Sulfamates of various estrogens are prodrugs with increased systemic and reduced hepatic estrogenicity at oral application

J Steroid Biochem Mol Biol. 1995 Dec;55(3-4):395-403. doi: 10.1016/0960-0760(95)00214-6.


Oral therapy with natural or synthetic estrogens, like ethinylestradiol, suffers from low, suboptimally defined bioavailability and excess hepatic estrogen actions. N,N-alkylated and non-alkylated sulfamates of ethinylestradiol, estradiol and estrone overcome these deficiencies. Ovariectomized Wistar rats (n = 6-7/group) were orally treated for 7 days, and killed on day 8, plasma was gained on days 0, 4, and 8. Systemic estrogenicity was quantified by assessment of uterine weight, vaginal cornification, and measurement of gonadotropins by homologous RIA. Estrogenicity in the liver was analysed. Angiotensinogen was estimated by RIA of angiotensin-1 after incubation of EDTA-plasma with porcine renin. Total and high-density cholesterol were measured by enzymatic methods. Preliminary biotransformation studies were performed after oral administration of 10 micrograms, 5 microCi [2,4,6,7-3H]estradiol sulfamate. Ethinylestradiol led to distinct elevation of angiotensin-1 and dramatic depression of cholesterol fractions, reflecting hepatic estrogen effects, already at doses with marginal systemic effects. Estradiol and estrone had systemic and hepatic estrogenic activity at much higher doses only. Estrogen sulfamates had systemic estrogen activity 10-90-fold above that of their parent estrogen. Non-alkylated sulfamates of given estrogens were more active than N-alkylated ones. Elevation of systemic estrogen activity was always combined with a dramatic reduction of hepatic estrogenicity. Estradiol sulfamate had a 90-fold elevated systemic estrogen activity vs estradiol, but lacked hepatic activity including the 30-fold dose inducing vaginal response. Three hours after administration no unchanged estradiol sulfamate was detectable in plasma. Rather peaks, probably representing estradiol and estrone, were found. Estrogen sulfamates are considered prodrugs of their parent estrogen, which do not interact with any liver function during the first-pass. They represent a new strategy of oral hormone administration. Their main potential seems to be the systemic generation of natural estrogens when used in oral contraceptives.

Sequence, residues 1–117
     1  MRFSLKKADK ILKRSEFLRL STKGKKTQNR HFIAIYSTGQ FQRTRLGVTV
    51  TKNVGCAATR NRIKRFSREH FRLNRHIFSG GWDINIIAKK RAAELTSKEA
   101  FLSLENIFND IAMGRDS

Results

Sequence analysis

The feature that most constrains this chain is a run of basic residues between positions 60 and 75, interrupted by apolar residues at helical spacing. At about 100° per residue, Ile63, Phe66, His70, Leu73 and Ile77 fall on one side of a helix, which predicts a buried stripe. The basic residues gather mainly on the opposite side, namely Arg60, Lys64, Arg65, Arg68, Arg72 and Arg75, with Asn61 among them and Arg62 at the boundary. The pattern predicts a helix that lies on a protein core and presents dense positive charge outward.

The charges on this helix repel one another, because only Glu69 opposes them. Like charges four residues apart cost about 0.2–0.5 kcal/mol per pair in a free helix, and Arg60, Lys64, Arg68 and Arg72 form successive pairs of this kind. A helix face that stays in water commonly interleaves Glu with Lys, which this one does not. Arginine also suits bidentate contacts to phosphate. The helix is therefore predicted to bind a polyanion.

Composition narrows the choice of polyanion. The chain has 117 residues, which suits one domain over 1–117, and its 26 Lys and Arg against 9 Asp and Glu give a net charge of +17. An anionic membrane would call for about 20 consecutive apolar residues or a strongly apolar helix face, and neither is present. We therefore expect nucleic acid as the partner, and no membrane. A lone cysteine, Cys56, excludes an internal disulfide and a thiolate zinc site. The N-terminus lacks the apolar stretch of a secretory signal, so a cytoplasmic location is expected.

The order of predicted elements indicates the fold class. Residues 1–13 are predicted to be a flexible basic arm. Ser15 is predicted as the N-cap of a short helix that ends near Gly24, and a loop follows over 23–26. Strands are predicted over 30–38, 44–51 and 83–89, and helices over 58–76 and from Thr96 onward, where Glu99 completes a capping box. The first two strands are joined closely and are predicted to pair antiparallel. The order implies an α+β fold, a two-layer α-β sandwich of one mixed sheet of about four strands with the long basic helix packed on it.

Publication types

  • Comparative Study

MeSH terms

  • Administration, Oral
  • Angiotensin I / metabolism
  • Animals
  • Cholesterol / analysis
  • Cholesterol, HDL / analysis
  • Cholesterol, HDL / drug effects
  • Contraceptives, Oral / chemistry
  • Contraceptives, Oral / pharmacology*
  • Drug Evaluation, Preclinical
  • Estradiol / blood
  • Estradiol / chemistry
  • Estradiol / pharmacology
  • Estrogens / pharmacology*
  • Estrone / chemistry
  • Estrone / pharmacology
  • Ethinyl Estradiol / chemistry
  • Ethinyl Estradiol / pharmacology
  • Female
  • Follicle Stimulating Hormone / blood
  • Liver / drug effects*
  • Liver / metabolism
  • Luteinizing Hormone / blood
  • Organ Size / drug effects
  • Ovariectomy
  • Prodrugs / administration & dosage
  • Prodrugs / pharmacology*
  • Rats
  • Rats, Wistar
  • Sulfonic Acids / pharmacology
  • Uterus / drug effects


  • Cholesterol, HDL
  • Contraceptives, Oral
  • Estrogens
  • Prodrugs
  • Sulfonic Acids
  • Estrone
  • Ethinyl Estradiol
  • Estradiol
  • Luteinizing Hormone
  • Follicle Stimulating Hormone
  • Angiotensin I
  • Cholesterol
  • sulfamic acid